The Haul including Oasis – Supersonic, Tame Impala – Live Versions, Chvrches – We Sink, Joy Division – Ideal For Living EP, Metronomy – Love Letters (Soulwax Remix)

Now I begin to panic. My wish list only consists of seven records, one of which is for a friend and another is a possible birthday present. My heart begins to race as another copy of Tame Impala’s Live Versions leaps off the shelf into someone’s bag. There are some that I should not worry about; namely the reissue of Supersonic by Oasis, the Joy Division EP and the Kings of Leon single. However, as I get closer I realise that two on my list are in danger, with me agonisingly close to getting them. Should I have bothered going to the toilet before leaving the house, should I have eaten cereal, could I have walked a little faster? It doesn’t matter now as the final copies of Jake Bugg’s Live EP and the Jagwar Ma/Temples split covers single depart the shelves into the lad in front’s bag. My heart sinks but I cannot complain with my haul. There’s always Ebay anyway.

Fitness, Lifestyle

“I’m a lover, not a fighter”. Part 1 – The Boxing Class

“I’m a lover, not a fighter”

Now that is a mantra to live by but not one that is going to help when someone is aiming their fist directly at your jaw.Like everyone, occasionally I find myself in situations where I wish I knew how to diffuse a situation without panicked rage peeking inside. As a human being I find it hard to hide my emotions, if something is annoying me it does not take Sherlock Holmes to deduce that I am pissed off. My face scrunches up, my eyes turn into slits and I emit a deep sigh which really does not help when confrontations occur. If a situation ever came to blows I wouldn’t know how to defend myself.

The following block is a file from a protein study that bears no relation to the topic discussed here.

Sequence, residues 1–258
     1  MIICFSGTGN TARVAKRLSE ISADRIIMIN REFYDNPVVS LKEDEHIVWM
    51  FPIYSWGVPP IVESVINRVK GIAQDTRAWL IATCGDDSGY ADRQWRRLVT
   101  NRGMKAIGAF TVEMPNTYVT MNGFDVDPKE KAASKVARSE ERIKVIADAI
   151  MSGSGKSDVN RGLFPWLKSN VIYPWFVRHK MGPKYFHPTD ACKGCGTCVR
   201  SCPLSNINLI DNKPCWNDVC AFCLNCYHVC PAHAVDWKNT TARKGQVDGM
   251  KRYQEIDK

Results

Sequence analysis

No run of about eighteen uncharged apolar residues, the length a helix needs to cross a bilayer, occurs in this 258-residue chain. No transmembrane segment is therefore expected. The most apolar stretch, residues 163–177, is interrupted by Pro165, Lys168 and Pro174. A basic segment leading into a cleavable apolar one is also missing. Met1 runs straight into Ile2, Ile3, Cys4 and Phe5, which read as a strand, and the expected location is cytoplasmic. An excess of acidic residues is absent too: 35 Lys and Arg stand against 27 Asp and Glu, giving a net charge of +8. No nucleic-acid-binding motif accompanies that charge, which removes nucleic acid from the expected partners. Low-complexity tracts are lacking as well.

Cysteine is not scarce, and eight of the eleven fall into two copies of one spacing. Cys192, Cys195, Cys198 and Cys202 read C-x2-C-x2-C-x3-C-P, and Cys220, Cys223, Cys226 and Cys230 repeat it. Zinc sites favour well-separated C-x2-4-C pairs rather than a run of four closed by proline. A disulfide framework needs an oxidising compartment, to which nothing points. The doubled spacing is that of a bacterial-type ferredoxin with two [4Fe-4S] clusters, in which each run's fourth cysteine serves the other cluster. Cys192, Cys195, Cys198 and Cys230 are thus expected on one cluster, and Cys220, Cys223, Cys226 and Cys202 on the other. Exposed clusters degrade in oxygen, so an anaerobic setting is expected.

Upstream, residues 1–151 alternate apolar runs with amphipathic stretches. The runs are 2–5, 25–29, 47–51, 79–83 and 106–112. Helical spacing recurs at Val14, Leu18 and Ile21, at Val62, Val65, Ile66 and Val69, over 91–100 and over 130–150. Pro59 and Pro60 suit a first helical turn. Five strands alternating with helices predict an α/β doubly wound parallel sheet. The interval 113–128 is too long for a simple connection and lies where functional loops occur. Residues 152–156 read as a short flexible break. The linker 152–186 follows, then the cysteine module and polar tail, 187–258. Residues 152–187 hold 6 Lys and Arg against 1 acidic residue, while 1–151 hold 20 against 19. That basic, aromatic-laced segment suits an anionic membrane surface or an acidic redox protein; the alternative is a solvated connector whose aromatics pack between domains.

Since returning to Sheffield a few weeks ago I have sought new ways of staying fit. This is partly caused by leaving my gym shirt and shorts at home yet after a couple of months I was already bored of the gym circuit punctuated by a midweek Kettlercise class. However, I was feeling the results but wanted to do something different, something challenging. On the weekend of my return a good friend persuaded me to come along to a boxing class with a housemate of his and I had nothing else on.

First impressions are… disconcerting. The gym lies in a rundown part of town with a door you can easily walk by. After watching various boxing films (Rocky, that one with Robert De Niro) I was well aware that boxing gyms are not glamourous buildings. They do not tempt you in with £10 first month offers or bevies of tightly wrapped girls. There is no water cooler or soft, white towels to soak up your sweat. They are invariably built and maintained by men concerned with an arena to endure in, this one was no different.